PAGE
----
Coronary Artery Bypass Surgery: When You Arrive at the Hospital

Coronary Artery Bypass Surgery: When You Arrive at the Hospital

Topic Overview

What happens at the hospital before the CABG procedure?

You will likely need to check into the hospital the night before or morning of your coronary artery bypass graft (CABG) procedure. You will take a shower with an antiseptic soap the night before surgery. You won't be allowed anything to eat or drink after midnight.

Before your surgery, you will meet some of the members of the surgical team, including the anesthesiologist. This doctor gives you medicines to put you to sleep for the surgery and control your pain both during and after your surgery. He or she will explain how general anesthesia works and make note of any allergies you might have to medicines. You'll get a sedative to make you feel more comfortable and relaxed.

In the preoperative area

Until your operating room is ready, you will stay in the preoperative, or pre-op, room. Your family and friends will probably be asked to stay in the waiting room. Your anesthesiologist or his or her assistant will then start one or more intravenous (IV) lines in your arm. You will be given saline fluid (to keep you hydrated), anesthesia, and other medicines through your IV line before, during, and after your surgery.

Preparation in the operating room

When your surgery team is ready, you will be moved on a bed with wheels to the operating room. The staff will greet you and make sure that you are as comfortable as possible. Soon, you will receive general anesthesia through your IV line to put you to sleep. After you fall asleep, which happens quickly, a small tube called a Foley catheter will be placed through the opening of your urethra (the opening of the penis or the female urinary tract) and into your bladder. The free end of the catheter will then be hooked up to a bag that will collect urine.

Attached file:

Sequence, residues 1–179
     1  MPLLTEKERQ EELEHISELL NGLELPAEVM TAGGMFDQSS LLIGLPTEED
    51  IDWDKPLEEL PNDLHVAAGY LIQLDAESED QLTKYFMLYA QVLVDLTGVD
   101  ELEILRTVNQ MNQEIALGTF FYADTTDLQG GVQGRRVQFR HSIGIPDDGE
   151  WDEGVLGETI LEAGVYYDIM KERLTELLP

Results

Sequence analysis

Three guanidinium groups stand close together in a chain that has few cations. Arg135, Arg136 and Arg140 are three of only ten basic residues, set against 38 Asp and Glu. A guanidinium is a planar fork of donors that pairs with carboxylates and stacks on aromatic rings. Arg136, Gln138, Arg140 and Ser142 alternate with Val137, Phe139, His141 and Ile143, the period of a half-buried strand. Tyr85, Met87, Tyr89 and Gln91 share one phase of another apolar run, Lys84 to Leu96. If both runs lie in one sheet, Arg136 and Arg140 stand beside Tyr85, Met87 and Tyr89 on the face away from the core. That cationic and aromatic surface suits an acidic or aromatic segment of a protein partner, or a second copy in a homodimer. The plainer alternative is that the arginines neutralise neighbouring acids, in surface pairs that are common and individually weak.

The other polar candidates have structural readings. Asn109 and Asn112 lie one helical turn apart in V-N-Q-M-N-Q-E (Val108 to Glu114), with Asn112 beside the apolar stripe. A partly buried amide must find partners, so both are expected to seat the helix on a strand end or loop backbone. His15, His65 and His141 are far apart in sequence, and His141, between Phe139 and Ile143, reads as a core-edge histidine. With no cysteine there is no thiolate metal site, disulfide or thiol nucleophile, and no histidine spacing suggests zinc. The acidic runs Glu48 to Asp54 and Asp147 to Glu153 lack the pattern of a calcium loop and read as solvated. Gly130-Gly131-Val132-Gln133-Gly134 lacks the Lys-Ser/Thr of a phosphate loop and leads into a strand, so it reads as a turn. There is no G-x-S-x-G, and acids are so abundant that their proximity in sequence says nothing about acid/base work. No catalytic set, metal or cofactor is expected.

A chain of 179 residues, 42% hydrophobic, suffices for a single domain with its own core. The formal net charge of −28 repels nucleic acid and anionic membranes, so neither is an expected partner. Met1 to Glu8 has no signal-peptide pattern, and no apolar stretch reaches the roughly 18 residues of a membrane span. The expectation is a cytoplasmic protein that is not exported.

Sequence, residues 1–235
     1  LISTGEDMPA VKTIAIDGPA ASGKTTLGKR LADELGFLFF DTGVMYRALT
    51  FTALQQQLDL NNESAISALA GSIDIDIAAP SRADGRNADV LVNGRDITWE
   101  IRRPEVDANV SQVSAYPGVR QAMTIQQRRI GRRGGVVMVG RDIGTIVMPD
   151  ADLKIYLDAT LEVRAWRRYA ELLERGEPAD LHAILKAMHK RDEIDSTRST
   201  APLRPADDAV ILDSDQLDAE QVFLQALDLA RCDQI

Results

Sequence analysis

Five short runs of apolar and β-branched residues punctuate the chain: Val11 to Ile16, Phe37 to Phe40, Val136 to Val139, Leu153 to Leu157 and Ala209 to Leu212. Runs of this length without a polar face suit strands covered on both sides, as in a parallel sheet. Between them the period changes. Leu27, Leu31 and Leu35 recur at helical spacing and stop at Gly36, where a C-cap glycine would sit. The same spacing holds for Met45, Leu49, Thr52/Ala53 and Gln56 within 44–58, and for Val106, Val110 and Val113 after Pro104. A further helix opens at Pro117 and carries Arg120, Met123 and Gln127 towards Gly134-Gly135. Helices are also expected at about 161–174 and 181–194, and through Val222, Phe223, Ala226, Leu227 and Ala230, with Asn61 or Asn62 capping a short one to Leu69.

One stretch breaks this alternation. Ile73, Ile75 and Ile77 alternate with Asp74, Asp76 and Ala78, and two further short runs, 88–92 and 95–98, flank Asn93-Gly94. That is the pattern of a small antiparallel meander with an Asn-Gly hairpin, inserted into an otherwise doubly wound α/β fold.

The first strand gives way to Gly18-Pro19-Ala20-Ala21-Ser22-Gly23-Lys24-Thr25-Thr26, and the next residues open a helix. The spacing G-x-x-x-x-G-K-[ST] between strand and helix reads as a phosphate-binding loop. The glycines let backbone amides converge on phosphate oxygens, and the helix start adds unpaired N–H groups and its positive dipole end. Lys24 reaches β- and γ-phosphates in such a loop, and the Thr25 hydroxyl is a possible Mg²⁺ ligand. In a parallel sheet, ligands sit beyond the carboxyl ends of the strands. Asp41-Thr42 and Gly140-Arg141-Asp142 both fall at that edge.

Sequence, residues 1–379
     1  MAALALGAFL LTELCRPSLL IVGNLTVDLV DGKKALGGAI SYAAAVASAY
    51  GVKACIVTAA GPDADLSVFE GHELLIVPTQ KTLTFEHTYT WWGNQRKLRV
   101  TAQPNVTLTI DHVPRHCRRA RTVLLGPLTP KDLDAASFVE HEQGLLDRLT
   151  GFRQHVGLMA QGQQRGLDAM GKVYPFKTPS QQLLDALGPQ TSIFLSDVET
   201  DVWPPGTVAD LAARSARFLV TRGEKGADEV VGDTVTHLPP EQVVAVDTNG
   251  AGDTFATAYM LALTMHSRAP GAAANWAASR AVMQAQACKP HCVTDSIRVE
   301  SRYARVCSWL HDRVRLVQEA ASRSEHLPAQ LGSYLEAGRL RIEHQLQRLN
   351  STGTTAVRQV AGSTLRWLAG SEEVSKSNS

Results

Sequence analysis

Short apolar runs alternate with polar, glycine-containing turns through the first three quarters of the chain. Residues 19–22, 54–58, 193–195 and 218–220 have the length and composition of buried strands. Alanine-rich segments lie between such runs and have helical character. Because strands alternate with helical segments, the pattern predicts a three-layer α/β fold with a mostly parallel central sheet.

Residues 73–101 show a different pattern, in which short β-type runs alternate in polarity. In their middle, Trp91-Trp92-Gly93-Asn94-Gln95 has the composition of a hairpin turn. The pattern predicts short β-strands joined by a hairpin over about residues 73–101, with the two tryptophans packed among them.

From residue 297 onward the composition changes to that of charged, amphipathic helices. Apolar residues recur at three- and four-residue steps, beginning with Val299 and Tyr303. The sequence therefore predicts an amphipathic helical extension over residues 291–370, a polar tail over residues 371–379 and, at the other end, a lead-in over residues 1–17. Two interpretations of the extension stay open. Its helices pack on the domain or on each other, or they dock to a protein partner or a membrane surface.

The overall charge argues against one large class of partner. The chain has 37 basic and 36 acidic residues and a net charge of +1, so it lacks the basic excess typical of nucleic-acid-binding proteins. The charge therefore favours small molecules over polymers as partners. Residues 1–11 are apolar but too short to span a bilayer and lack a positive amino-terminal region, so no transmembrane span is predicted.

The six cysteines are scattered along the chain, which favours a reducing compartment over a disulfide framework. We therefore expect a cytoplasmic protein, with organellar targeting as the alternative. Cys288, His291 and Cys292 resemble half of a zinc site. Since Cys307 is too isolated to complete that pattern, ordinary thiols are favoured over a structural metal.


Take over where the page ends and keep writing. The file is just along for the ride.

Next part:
If your surgeon plans to use parts of your leg veins for the bypass grafts, your legs may be placed in a frog position, with the soles of your feet placed together and knees spread apart. Next, your chest, arms, and legs will be cleansed so that they are germ-free. Sterile drapes will be placed on the parts of your body that are not involved in the surgery.

Credits

Current as of: April 29, 2021

Author: Healthwise Staff
Medical Review:
Rakesh K. Pai MD, FACC - Cardiology, Electrophysiology
Martin J. Gabica MD - Family Medicine
E. Gregory Thompson MD - Internal Medicine
Adam Husney MD - Family Medicine
David C. Stuesse MD - Cardiac and Thoracic Surgery

Disclaimer: The information contained in this website, and its associated websites, is provided as a benefit to the local community, and the Internet community in general; it does not constitute medical advice. We try to provide quality information, but we make no claims, promises or guarantees about the accuracy, completeness, or adequacy of the information contained in or linked to this website and its associated sites. As medical advice must be tailored to the specific circumstances of each patient and healthcare is constantly changing, nothing provided herein should be used as a substitute for the advice of a competent physician. Furthermore, in providing this service, Adventist HealthCare does not condone or support all of the content covered in this site. As an Adventist health care organization, Adventist HealthCare acts in accordance with the ethical and religious directives for Adventist health care services.

Find a Doctor

Find an Adventist HealthCare affiliated doctor by calling our FREE physician referral service at 800-642-0101 or by searching our online physician directory.

View Doctors

Set Your Location

Setting your location helps us to show you nearby providers and locations based on your healthcare needs.